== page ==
The rule of precedent is the legal principle under which judges have to follow the judgments established previously by upper courts. The Latin translation of "stare decisis" gives an unequivocal definition of the concept as it means "to stand by that which is decided". Precedent underpins the legal system in Common Law countries such as the United Kingdom or the United States. When it became the European Court of Justice after the Rome treaty in 1957, the European Community had only 6 continental members whose internal legal system was based on Civil Law under which (to simplify) stare decisis does not exist. That might explain why precedent was not originally included in the European Legal system. However through time this initial situation has dramatically changed. In this essay I shall discuss the extent to what a de facto rule of precedent has been introduced in the European judicial system and how that affected the system as a whole. But, was this evolution escapable?
[...] Once again it's worth mentioning that the rule of stare decisis does not formally exist in the European Legal system and that the Court is perfectly free to ignore precedent rulings An unavoidable evolution The development of such a system was unavoidable; if it did not exist the ECJ would have had to give a ruling on each specific matter requested by a national court even if the matter had already been ruled before. It would be a waste of time and money. [...]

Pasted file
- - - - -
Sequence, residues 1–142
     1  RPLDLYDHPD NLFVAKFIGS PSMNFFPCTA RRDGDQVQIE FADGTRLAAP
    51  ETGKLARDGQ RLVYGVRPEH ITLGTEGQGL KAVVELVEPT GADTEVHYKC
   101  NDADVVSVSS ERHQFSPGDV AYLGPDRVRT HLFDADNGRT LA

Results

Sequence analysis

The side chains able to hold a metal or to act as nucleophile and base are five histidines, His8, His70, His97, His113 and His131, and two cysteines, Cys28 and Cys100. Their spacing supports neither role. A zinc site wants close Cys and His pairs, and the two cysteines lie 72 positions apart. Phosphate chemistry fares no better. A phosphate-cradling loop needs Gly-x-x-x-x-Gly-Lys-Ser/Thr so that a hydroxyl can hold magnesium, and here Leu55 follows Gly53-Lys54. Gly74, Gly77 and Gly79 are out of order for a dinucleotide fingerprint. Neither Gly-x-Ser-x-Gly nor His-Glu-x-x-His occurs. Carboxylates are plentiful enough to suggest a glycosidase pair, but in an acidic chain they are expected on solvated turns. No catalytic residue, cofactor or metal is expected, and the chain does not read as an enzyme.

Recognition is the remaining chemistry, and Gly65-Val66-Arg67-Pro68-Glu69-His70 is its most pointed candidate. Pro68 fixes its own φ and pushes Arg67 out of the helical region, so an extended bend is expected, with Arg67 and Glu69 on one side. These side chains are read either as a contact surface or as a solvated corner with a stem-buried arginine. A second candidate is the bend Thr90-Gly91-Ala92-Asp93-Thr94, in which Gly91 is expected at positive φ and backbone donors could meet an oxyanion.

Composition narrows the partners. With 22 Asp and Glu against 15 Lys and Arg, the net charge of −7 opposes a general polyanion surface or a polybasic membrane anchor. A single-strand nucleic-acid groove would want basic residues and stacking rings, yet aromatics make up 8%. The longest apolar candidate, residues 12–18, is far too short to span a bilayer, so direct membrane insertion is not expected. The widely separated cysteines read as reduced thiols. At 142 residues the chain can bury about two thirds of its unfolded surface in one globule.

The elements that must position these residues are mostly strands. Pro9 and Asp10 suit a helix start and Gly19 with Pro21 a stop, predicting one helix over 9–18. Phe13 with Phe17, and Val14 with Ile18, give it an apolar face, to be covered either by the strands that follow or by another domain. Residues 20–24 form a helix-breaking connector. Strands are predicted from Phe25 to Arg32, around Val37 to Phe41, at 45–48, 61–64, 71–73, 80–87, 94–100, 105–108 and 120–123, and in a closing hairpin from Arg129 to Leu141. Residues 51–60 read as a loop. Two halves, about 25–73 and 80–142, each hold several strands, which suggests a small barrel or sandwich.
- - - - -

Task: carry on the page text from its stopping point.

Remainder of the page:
[...] The precedent was also probably the best way to strengthen legal certainty which was first acknowledged in Case 43/75 Defrenne v Sabena (No.2) and which is now recognized as a general principle. If precedent did not exist, the court (depending on its composition) could rule differently cases dealing with the same issue. T hat would create a climate of uncertainty for individuals. Finally and in a more political approach, the ECJ is often labeled as an integrationist organ. Its aim would be to slowly deepen the political integration. [...]
[...] Actually the issue was not that easy, as the two brands used to belong to the same owner, before one of them was nationalized by the Belgian state and sold to another entrepreneur. Philip MOSER, Katrin SAWYER, Making European Community Law, the Legacy of Advocate General Jacobs at the European Court of Justice. London: Edward Edgar Publishing Page 22. Nigel FOSTER, op. cit. [...]
[...] The question asked to the court was only about a specific custom dispute but the ECJ seized the opportunity to widen the issue. Direct effects don't rely on a treaty article but on a ruling made by the court in 1963 that subsequently became a precedent strong enough to establish a new judicial device. In the same logic, in Case 15/84 Marshall v Southampton Area Health Authority the ECJ went beyond its basic duty (give a ruling) by deciding that directives could not be enforced against individuals which became a rule. [...]
[...] The development of the doctrine of precedent a. The stare decisis The notion of stare decisis has slowly emerged in European law. Formally, it does not exist as the court is not bound by its previous decisions even if it tends to follow them. For a long time its existence was even more obscure as the court practically never refers in its judgments to its previous decisions. Anthony Arnull points out that ‘even when repeating a passage verbatim, it [the ECJ] did not acknowledge the source'. [...]
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